Goldentail Moray, also known as the Conger Moray, is a type of marine eel belonging to the Muraenidae family.
It’s a bottom-dwelling and solitary creature that lives in coral reefs and rocky shorelines, usually at depths of 60 meters.
This eel is one of the most common and easily recognized species in West Indian reefs.
Goldentail Moray is active during daytime hours and may even hunt with other predators. In the past, it was referred to as Muraena miliaris.
You need to be cautious while adding this eel in a reef environment as it may eat fish and shrimp.
Goldentail Moray Interesting Facts
- Goldentail Moray inhabits coral reefs and rocky shorelines at depths up to 60 meters.
- This species is active during the day, often hunting alongside other predators.
- Found in Western and Eastern Atlantic regions, it thrives in subtropical conditions.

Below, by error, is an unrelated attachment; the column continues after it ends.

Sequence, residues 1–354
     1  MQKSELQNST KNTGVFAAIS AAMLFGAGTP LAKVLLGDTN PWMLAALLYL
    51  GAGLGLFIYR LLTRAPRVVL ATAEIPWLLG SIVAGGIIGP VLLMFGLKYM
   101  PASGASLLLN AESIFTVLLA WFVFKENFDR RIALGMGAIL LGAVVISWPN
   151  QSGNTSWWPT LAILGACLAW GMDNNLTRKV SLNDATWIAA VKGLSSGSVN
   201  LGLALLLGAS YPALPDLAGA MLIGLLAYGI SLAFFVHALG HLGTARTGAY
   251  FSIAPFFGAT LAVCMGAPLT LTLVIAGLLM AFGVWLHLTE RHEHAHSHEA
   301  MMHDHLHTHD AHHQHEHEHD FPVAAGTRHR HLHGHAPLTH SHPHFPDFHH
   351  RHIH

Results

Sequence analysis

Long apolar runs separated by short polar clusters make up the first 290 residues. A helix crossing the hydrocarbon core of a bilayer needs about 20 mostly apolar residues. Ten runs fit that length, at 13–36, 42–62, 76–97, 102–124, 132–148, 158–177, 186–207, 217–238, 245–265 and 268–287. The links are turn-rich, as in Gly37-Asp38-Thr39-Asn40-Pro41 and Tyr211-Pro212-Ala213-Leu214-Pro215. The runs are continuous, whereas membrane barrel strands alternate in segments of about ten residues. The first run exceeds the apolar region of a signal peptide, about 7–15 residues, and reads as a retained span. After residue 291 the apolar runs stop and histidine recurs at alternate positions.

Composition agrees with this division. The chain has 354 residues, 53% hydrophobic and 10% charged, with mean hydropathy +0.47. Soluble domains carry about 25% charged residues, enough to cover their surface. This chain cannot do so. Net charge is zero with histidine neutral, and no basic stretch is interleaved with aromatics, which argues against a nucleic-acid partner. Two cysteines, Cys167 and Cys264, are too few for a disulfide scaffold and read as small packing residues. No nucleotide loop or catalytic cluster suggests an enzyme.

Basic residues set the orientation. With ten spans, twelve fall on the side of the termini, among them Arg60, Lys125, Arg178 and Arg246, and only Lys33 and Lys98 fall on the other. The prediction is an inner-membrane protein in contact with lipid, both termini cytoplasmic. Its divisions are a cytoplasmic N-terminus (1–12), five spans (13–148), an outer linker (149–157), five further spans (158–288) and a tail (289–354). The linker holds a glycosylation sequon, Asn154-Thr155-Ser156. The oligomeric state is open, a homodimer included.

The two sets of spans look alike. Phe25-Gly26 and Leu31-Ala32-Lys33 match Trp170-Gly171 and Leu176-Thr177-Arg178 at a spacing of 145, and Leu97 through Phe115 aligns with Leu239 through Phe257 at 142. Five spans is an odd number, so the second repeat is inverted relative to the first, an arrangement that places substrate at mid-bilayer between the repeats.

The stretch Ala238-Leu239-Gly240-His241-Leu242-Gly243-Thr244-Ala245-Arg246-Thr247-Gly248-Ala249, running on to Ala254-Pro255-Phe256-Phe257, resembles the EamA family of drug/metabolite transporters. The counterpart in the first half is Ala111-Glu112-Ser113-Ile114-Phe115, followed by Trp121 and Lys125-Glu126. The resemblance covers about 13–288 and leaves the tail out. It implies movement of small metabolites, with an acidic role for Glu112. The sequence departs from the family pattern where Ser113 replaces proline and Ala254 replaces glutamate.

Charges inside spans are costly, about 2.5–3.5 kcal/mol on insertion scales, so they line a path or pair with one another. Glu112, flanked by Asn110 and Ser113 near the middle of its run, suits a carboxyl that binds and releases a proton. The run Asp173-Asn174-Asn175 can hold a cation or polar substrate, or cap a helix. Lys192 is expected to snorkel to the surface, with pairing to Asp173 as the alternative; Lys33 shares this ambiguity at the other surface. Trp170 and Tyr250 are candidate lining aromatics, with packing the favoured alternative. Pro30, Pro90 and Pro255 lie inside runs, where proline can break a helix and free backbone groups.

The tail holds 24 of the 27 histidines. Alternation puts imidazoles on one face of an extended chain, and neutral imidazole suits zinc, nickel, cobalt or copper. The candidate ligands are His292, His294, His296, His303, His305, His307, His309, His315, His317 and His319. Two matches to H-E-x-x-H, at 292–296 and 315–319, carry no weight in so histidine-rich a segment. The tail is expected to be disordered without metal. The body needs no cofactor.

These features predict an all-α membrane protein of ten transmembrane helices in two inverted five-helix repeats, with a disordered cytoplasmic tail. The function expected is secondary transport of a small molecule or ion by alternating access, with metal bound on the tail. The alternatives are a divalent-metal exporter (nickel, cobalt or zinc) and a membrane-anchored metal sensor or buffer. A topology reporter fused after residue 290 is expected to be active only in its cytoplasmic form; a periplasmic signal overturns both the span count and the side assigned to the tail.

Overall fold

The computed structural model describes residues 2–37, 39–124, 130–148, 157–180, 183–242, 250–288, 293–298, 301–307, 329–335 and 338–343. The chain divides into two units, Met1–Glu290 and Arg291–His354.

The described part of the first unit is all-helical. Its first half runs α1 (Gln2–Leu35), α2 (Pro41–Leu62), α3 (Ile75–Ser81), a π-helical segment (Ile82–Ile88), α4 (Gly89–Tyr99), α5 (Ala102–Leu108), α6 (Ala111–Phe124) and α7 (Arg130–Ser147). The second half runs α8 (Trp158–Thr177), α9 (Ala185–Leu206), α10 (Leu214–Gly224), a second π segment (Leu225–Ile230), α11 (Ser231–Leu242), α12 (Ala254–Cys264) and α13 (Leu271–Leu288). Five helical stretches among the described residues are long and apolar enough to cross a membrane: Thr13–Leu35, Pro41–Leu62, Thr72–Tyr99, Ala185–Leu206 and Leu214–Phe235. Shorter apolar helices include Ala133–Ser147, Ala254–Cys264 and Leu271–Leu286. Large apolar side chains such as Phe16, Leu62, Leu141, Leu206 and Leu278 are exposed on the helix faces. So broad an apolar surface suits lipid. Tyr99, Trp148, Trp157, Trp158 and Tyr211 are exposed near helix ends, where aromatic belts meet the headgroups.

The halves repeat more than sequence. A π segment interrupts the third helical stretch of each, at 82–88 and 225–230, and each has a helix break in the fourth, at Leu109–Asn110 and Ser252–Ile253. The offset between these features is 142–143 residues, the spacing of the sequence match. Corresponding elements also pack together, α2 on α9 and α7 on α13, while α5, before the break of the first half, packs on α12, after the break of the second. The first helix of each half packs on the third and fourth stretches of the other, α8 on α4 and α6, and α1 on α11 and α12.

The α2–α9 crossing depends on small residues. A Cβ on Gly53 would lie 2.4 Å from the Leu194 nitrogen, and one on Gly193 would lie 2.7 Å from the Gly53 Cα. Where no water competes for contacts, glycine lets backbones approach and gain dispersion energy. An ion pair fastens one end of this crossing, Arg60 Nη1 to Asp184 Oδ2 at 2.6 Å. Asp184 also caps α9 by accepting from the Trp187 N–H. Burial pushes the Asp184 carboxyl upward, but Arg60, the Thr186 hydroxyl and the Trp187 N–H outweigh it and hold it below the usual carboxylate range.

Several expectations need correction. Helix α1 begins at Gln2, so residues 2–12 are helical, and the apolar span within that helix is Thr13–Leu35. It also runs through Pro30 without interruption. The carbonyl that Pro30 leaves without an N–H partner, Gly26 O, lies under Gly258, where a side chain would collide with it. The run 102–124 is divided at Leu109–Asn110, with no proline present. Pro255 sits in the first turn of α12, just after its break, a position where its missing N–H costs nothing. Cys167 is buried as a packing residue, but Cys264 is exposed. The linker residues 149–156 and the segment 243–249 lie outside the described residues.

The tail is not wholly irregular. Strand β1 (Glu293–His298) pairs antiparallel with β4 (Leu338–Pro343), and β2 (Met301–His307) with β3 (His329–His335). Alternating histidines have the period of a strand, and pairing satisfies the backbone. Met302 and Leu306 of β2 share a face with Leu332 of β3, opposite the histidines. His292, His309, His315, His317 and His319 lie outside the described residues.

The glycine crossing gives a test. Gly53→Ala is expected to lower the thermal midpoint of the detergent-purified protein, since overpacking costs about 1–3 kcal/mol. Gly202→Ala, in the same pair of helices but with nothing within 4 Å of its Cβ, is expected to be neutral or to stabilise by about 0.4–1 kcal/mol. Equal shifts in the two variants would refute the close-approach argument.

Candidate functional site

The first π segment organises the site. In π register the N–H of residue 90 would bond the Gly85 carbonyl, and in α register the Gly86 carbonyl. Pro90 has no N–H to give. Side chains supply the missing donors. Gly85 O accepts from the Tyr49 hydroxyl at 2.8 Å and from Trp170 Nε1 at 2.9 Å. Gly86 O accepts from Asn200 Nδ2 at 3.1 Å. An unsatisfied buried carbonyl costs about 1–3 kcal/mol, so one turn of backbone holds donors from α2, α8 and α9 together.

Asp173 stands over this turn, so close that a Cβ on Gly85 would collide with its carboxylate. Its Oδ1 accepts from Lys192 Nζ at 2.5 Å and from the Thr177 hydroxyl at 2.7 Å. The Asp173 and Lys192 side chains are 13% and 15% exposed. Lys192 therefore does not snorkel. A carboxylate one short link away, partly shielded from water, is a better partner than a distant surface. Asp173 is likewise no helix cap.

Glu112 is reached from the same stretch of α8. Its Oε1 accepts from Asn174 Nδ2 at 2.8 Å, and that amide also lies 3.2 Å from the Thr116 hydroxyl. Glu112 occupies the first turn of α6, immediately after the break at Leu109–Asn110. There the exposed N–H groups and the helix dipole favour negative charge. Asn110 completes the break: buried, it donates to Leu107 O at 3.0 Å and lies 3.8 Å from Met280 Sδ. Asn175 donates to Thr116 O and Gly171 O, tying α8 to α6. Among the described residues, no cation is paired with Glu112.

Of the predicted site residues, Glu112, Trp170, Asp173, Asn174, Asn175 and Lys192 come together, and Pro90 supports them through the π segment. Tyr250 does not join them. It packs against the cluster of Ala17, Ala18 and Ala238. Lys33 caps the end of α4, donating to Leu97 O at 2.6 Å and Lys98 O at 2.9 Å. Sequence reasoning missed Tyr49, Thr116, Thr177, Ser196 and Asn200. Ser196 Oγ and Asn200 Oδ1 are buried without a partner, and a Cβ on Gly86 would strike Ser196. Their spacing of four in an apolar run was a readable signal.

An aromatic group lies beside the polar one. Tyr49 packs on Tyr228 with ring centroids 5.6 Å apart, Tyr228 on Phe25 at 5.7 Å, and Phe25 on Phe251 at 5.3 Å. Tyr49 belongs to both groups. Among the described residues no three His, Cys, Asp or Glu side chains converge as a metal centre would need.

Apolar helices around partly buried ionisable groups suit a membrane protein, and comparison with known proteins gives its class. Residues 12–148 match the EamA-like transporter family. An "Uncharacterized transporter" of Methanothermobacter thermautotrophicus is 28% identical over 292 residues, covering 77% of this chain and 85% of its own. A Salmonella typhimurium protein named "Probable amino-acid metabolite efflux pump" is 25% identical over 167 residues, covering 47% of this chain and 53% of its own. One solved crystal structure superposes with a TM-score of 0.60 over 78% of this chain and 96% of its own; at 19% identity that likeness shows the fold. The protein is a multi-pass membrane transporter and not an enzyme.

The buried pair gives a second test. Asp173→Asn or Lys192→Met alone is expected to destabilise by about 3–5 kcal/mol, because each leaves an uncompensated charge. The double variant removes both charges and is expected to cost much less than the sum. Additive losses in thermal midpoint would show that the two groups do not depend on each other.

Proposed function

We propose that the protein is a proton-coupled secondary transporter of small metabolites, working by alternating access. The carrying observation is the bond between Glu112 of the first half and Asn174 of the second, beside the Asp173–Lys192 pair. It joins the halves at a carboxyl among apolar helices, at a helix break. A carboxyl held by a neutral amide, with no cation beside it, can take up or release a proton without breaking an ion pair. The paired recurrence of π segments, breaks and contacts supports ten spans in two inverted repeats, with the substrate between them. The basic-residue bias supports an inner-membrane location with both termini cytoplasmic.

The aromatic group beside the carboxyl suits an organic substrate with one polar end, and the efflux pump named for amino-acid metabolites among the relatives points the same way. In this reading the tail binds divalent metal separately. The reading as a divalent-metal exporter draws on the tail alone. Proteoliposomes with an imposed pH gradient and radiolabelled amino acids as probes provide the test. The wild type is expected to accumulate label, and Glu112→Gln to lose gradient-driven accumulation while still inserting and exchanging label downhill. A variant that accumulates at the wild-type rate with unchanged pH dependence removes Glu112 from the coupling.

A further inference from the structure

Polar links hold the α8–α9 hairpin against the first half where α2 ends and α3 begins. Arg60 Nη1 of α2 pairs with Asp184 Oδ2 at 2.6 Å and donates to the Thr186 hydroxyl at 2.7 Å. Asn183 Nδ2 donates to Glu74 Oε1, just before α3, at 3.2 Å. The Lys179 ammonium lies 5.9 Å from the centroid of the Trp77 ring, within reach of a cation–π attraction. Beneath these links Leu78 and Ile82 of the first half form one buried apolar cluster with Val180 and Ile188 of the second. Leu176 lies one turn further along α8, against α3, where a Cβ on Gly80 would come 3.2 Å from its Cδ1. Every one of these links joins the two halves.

- Grows up to a maximum length of 27.6 inches (70.0 centimeters) and reproduces by laying eggs.
Goldentail Moray Habitat
Goldentail Moray lives in the Western Atlantic Ocean near Bermuda, southern Florida, the Antilles, and southeast Brazil.
It’s also found in the Eastern Atlantic at St. Paul’s Rocks, Cape Verde, Ascension, and St. Helena islands, as well as mid-Atlantic islands.
This marine creature prefers reef-associated habitats with a depth range of 0 to 60 meters (usually 0 to 35 meters).
It thrives in subtropical conditions between latitudes of 41°N to 26°S and longitudes of 99°W to 5°W.
Goldentail Moray Physical Characteristics
Size: 15.7 inches (40.0 centimeters)
Goldentail Morays can grow up to 27.6 inches (70.0 centimeters) long but typically reach around 15.7 inches (40.0 centimeters).
Goldentail Moray Reproduction
Goldentail Moray reproduces by laying eggs, which is called oviparous.